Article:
The United States exports some fossil fuels, just as Saudi Arabia and Iran import to meet some of their needs. Robert Bryce, the author of “Gusher of Lies: The Dangerous Delusions of Energy Independence,” notes that in 2005 the “Saudis imported 83,000 barrels of gasoline and other refined oil products per day,” and Iran imports 40% of its gasoline needs.
Bryce also notes that energy discoveries are increasingly made by global teams. In September 2006, a huge oil field that could boost U.S. reserves by 50% was discovered in the deepwater of the Gulf of Mexico. In addition to demonstrating the technical prowess of the deepwater drilling industry — the well was drilled in 7,000 feet of water — the find exemplifies the “accelerating globalization of the energy business.” The well was drilled by two U.S. companies along with a Norwegian firm, Statoil, which operates in 35 countries.
The globalization of energy markets is only likely to grow as natural gas grows in importance. Traditionally, natural gas has been traded in regional, intra-continental markets. But as the costs of transporting natural gas over water have fallen, trade among continents has increased dramatically. The International Energy Agency estimates that the international spot trade of gas has grown by a factor of ten over the last decade.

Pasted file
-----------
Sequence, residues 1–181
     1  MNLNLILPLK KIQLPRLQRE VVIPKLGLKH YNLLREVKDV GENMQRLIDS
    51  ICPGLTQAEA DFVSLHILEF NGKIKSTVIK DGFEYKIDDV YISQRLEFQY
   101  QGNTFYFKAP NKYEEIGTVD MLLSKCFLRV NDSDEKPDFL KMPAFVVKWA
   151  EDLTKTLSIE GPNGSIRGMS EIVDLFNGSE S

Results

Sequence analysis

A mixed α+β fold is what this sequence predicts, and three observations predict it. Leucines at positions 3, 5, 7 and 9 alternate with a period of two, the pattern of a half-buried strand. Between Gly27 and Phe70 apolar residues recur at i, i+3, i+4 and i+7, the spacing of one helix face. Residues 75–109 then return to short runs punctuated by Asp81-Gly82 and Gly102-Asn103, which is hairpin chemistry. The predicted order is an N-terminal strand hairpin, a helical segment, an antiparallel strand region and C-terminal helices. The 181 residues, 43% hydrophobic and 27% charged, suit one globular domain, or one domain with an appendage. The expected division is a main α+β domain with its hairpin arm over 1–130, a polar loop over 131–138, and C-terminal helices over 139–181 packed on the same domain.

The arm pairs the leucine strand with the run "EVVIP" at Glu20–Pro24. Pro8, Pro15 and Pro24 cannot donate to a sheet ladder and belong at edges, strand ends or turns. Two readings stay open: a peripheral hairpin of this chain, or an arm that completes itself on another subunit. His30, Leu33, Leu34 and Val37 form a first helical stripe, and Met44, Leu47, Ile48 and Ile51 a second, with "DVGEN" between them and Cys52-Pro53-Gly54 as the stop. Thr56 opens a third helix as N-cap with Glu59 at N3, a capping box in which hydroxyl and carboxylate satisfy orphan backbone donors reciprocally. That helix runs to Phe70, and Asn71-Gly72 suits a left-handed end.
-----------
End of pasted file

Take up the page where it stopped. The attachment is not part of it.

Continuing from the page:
A lasting solution, therefore, lies not in unilateral attempts by one country (or by the group of energy-importing countries) to become energy independent, but in a global context where everyone tries to improve the supply-demand balance in energy markets.
The needed response has three main elements: bolstering oil supplies, making oil use more responsive to price signals and nudging along a transition from oil to other fuels and renewable sources of energy.
First, on the supply side, increased investment in the oil sector is crucial in bringing greater stability to oil prices. Surges in oil prices in recent years have only brought forth very modest increases in capacity. The sluggish response appears due to rising exploration and development costs and the lack of predictable regulatory and tax regimes that would provide adequate returns for expanding supply and infrastructure. Political turmoil of course makes it all the more difficult to sustain increased investment.
Second, making oil demand more responsive to oil price changes is critical as well. In 2008, IMF First Deputy Managing Director John Lipsky noted that “relatively low gasoline taxes in the United States, low domestic prices in China and heavily subsidized and controlled prices in many oil-exporting and other developing countries discourage” the demand-side response that is needed. Policies to increase energy efficiency — for instance, through better fuel-efficiency standards — can also strengthen the demand response.
And third, as a recent IMF paper noted, development of sustainable alternative sources of energy would lower the risk from possible oil scarcity.